German Language Blog

German Nationalparks – Part 3: Müritz Posted by on Feb 18, 2016 in Uncategorized

This is part 2 of the new series here on the German Blog, the German Nationalparks, a series on the 16 National Parks of Germany. Last week, I discussed the southernmost park Berchtesgaden, and the mysterious Schwarzwald before. Today, we will go into the north: to Lake Müritz in the Bundesland Mecklenburg-Vorpommern!

The National Parks in Germany (Image by Lencer at under license CC BY SA 3.0)

Der Nationalpark Müritz

The last ice age created hundreds of lakes and moors on the Mecklenburgische Seenplatte (Mecklenburg Lake District). One lake turned out the largest by far: Lake Müritz. With 117 km2 (approx. 29,000 acres), it is the largest lake of the Seenplatte.

In 1990, the Nationalpark Müritz was established as one of the last acts of the Deutsche Demokratische Republic (DDR) (German Democratic Republic (GDR), former East Germany.

Much like the Nationalpark Schwarzwald, this park is split in two parts because of a city that is located in between. The Eastern part is called Teilgebiet Serrahn, and the Western part is called Teilgebiet Müritz. With 322 km2, it is Germany’s largest terrestrial Nationalpark.

What is special about the Nationalpark Müritz?

Also called Das Land der Tausend Seen (The land of the thousand lakes), the Mecklenburgische Seenplatte, with at its heart Lake Müritz is mostly special for its endless amount of lakes. The Nationalpark borders right at Lake Müritz. Just the Nationalpark itself contains more than 100 lakes!

Segeln (sailing) is great in this Northern-German area. There are many traditional old German Hafendörfer and -städte (Harbor villagse and cities) with events, like the Müritz Sail on this picture, a sailing event. (Image by Pesopesado at under license CC BY-SA 3.0)

It is also well-known for its moors and forests. The area around Lake Müritz was already used a lot in the DDR days for agriculture and hunting. Trees were planted for business purposes, and so nature’s natural way of growing trees and wilderness was interrupted. Nowadays, a “renaturalization” should lead to more natural nature again. Quite in contrast with this is another part of the park…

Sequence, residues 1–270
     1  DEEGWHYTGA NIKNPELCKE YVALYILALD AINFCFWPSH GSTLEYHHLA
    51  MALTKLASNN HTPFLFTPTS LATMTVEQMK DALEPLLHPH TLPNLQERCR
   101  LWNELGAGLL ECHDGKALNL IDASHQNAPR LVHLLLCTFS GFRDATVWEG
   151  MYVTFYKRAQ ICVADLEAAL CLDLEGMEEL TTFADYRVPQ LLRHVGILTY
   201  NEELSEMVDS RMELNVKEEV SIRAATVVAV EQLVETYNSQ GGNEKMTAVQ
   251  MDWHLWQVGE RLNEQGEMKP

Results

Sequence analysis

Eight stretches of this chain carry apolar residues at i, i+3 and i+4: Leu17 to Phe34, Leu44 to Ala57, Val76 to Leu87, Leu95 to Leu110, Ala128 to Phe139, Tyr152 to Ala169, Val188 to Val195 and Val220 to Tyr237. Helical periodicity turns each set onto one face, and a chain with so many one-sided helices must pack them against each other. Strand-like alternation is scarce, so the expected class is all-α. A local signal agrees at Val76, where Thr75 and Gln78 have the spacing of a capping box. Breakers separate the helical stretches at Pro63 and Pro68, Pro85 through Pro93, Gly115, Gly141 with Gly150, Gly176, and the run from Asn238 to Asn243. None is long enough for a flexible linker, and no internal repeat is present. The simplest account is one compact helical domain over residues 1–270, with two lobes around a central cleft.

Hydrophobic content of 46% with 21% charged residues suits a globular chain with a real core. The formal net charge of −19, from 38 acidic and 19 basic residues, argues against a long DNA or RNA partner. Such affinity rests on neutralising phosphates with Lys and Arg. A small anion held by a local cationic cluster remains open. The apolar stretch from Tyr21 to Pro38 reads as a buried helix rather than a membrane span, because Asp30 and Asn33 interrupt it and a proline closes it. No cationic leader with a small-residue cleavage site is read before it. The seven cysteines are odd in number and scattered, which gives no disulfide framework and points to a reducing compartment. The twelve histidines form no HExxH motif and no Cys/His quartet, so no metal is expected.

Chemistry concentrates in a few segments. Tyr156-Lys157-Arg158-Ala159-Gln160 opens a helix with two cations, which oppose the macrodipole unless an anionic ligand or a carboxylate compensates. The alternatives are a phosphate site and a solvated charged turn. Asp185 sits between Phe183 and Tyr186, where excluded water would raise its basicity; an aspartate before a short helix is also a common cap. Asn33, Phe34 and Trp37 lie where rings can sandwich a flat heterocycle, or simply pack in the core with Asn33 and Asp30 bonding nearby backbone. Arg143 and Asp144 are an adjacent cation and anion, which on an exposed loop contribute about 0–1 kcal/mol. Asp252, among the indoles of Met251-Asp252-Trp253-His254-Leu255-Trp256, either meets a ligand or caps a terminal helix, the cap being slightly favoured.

UNESCO Weltnaturerbe (World Natural Heritage)

The Serrahner Urwald in the Nationalpark (Image by Ökologix at under license CC BY-SA 3.0)

A part of the Nationalpark Müritz is protected under UNESCO Weltnaturerbe: the Serrahner Urbuchenwald (Serrahn Primeval Beech Forest). Buchen (Beeches) were once the primary vegetation in Germany, and these centuries-old trees give an impression of what the entire country looked like long ago.

You can visit this Urwald by foot, bike or by taking a bus. This must be wonderful to explore!

Have you been to the German Seenplatte? Do you know a place similar to it that you have visited? Let me know in the comments below!

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About the Author: Sten

Hi! I am Sten, both Dutch and German. For many years, I've written for the German and the Dutch blogs with a passion for everything related to language and culture. It's fascinating to reflect on my own culture, and in the process allow our readers to learn more about it! Besides blogging, I am a German-Dutch-English translator, animator and filmmaker.


  1. Michael Brown:

    HI Blogger,
    I have a German friend who prior to the second world war lived I believe in this area. There were huge sanddunes reaching down to the sea. There he learned how to glide.
    I sense that this is done easily because of the continuous winds.

    Thank you for the informative description of German national parks. Two years we were in the southwestern part of Germany and visited the lookout at Blaubergen or Blauspitz that looked out over Germany, Switzerland and France. We love Germany.


  2. I.T. Event Support:

    Thnx so much for this! I have not been this thrilled by a post for a long period of time! You have got it, whatever that means in blogging. Anyway, You are certainly somebody that has something to say that people need to hear. Keep up the wonderful work. Keep on inspiring the people!